This book engages in an educational reading of the selection of Lefebvre’s work that is available in English translation. After introducing Lefebvre’s life and works, the book experiments with his concepts and methods in a series of five ‘spatial histories’ of educational theories. In addition to The Production of Space, these studies develop themes from Lefebvre’s other translated works: Rhythmanalysis, The Explosion, the three volumes ofCritique of Everyday Life and a range of his writings on cities, Marxism, technology and the bureaucratic state. In the course of these inquiries, Lefebvre’s own passionate interest in education is uncovered: his critiques of bureaucratised schooling and universities, the analytic concepts he devised to study educational phenomena, and his educational methods.
Throughout the book Middleton demonstrates how Lefebvre’s conceptual and methodological tools can enhance the understanding of the spatiotemporal location of educational philosophy and theory. Bridging disciplinary divides, it will be key reading for researchers and academics studying the philosophy, sociology and history of education, as well as those working in fields beyond education including geography, history, cultural studies and sociology.
Essays by the iconic British filmmaker on the relationship between film, cities and landscape
“Robinson believed that, if he looked at it hard enough, he could cause the surface of the city to reveal to him the molecular basis of historical events, and in this way he hoped to see into the future.”
In his sequence of films, Patrick Keiller retraces the hidden story of the places where we live, the cities and landscapes of our everyday lives. Referencing writers such as Benjamin and Lefebvre, this collection follows his career since the late 1970s, exploring themes including the surrealist perception of the city; the relationship of architecture and film; how cities change over time, and how films represent this; as well as accounts of cross-country journeys involving historical figures, unexpected ideas and an urgent portrait of post-crash Britain.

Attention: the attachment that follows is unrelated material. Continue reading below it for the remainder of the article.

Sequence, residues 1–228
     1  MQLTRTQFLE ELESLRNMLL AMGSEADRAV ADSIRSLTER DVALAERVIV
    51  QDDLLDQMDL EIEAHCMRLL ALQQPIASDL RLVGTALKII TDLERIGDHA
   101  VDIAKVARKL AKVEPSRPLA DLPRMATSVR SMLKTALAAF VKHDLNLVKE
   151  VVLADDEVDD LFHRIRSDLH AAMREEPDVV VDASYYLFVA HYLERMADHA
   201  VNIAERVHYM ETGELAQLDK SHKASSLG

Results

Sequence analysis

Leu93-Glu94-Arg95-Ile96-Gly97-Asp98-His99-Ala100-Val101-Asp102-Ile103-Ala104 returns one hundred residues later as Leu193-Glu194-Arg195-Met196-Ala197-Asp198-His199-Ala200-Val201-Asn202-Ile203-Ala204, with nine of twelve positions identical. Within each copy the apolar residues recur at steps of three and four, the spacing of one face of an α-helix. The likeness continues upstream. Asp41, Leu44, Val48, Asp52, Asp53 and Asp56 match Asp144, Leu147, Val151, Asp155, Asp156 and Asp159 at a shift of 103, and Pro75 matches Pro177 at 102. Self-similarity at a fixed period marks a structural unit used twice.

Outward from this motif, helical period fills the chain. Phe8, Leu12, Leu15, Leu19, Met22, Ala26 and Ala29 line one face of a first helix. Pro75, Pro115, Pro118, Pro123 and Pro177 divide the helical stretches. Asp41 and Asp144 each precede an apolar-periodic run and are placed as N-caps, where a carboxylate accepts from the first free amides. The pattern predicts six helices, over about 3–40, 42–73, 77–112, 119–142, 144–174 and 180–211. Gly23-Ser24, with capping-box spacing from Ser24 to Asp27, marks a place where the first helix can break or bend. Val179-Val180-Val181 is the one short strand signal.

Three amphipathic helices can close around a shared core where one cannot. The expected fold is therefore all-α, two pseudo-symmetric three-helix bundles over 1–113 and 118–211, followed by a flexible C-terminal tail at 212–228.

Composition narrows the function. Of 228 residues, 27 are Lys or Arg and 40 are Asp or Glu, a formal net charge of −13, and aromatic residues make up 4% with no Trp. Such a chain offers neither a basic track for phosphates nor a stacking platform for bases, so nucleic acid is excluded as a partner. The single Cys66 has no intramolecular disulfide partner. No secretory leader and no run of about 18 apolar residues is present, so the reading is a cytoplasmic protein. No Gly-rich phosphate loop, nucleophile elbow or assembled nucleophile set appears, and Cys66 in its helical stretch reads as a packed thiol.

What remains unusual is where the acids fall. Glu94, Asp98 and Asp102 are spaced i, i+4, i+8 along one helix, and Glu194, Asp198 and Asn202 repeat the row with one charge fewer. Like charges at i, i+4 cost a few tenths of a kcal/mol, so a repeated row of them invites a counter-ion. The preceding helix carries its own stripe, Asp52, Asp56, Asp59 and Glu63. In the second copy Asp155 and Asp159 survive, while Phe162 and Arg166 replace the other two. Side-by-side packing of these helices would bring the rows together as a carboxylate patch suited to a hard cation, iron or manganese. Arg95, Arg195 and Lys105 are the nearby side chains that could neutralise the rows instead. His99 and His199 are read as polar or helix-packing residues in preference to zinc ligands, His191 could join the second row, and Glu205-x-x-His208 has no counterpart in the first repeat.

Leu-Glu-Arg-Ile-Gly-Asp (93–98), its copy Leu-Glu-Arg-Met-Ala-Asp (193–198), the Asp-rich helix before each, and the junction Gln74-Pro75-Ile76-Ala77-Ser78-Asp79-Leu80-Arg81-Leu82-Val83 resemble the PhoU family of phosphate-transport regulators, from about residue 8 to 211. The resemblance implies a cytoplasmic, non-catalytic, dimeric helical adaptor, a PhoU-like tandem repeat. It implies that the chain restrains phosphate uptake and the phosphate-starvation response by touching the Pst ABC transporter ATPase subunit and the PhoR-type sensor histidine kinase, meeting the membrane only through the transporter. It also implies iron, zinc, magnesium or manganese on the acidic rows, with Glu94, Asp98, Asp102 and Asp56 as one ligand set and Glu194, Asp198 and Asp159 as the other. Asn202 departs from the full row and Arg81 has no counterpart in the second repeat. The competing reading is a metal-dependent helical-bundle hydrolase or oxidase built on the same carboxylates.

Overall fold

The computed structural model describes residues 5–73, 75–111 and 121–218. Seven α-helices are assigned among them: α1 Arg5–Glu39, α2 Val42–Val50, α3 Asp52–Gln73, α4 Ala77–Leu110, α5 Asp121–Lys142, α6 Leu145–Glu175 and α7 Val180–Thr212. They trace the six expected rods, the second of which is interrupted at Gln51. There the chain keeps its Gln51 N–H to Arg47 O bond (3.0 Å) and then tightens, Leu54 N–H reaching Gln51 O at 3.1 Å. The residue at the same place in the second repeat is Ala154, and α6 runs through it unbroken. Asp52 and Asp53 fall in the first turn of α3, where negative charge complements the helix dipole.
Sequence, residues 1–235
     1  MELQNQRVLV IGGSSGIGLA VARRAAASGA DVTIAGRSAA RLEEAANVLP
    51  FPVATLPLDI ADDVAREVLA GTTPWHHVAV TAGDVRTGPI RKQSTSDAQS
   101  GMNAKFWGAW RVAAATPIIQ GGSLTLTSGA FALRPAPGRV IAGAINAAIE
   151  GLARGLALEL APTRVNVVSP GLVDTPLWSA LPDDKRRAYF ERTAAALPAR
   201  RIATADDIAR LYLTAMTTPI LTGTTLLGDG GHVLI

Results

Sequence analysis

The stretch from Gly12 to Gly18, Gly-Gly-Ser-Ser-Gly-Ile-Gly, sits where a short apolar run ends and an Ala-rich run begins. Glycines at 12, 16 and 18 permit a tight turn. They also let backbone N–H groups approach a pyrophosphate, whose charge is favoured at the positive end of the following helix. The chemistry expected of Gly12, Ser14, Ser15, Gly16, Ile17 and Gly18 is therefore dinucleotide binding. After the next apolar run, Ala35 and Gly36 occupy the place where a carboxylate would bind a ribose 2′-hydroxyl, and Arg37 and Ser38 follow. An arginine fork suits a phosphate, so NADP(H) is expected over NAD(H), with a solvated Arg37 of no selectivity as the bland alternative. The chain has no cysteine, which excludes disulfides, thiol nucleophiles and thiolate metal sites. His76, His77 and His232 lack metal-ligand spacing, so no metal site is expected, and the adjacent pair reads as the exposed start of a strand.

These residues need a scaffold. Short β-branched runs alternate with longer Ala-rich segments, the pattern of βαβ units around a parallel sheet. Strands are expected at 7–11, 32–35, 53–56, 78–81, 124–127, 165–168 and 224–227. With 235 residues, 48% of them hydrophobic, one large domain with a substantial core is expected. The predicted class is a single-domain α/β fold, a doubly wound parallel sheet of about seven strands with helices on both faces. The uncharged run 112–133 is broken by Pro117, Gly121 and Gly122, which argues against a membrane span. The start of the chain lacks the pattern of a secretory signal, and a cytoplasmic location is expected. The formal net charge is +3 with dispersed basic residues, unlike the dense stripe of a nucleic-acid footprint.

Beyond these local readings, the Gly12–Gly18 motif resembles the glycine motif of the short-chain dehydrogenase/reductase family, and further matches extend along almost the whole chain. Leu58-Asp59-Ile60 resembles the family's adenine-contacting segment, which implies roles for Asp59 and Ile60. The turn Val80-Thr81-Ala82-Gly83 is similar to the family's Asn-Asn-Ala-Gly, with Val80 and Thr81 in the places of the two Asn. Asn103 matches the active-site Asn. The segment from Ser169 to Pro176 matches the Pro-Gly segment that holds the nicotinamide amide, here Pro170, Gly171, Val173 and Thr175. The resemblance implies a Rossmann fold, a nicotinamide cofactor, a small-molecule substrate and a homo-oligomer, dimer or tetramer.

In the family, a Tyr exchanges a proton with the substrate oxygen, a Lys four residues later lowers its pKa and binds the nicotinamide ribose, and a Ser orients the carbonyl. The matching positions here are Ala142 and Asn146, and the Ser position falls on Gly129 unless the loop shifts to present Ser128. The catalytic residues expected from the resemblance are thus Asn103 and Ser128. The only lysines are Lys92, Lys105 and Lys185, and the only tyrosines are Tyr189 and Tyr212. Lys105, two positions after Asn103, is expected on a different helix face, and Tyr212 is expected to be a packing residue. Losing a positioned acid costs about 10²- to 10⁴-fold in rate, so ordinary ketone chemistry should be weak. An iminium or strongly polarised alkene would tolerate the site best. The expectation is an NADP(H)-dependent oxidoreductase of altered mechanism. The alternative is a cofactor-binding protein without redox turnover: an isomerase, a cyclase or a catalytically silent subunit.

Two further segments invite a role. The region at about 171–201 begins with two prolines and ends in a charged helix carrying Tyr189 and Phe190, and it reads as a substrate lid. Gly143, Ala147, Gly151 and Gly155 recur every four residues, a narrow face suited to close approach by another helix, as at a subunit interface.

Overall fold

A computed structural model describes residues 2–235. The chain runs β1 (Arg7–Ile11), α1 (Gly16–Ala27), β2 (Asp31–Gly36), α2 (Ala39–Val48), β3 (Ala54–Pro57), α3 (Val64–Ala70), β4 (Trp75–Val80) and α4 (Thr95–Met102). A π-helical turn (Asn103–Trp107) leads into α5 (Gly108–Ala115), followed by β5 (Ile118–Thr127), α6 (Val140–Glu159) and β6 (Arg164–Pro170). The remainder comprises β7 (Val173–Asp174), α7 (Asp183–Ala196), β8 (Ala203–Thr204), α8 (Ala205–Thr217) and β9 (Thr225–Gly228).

Cities & SpacePosted by Les Roberts 21 Oct, 2013 14:23:41 New Book: Seeing from Above: The Aerial View in Visual Culture, Edited by: Mark Dorrian, Frederic Pousin. IB TAURIS 2013.
The view from above, or the "birds-eye" view, has become so ingrained in contemporary visual culture that it is now hard to imagine our world without it. It has risen to pre-eminence as a way of seeing, but important questions about its effects and meanings remain unexplored. More powerfully than any other visual modality, this image of "everywhere" supports our idea of a world-view, yet it is one that continues to be transformed as technologies are invented and refined. This innovative volume, edited by Mark Dorrian and Frederic Pousin, offers an unprecedented range of discussions on the aerial view, covering topics that range from sixteenth-century Roman maps, to the Luftwaffe's aerial survey of Warsaw, to Google Earth. Underpinned by a cross-disciplinary approach that draws together diverse and previously isolated material, this volume examines the politics and poetics of the aerial view in relation to architecture, art, film, literature, photography and urbanism and explores its role in areas such as aesthetics and epistemology. Structured through a series of detailed case studies, this book builds into a cultural history of the aerial imagination.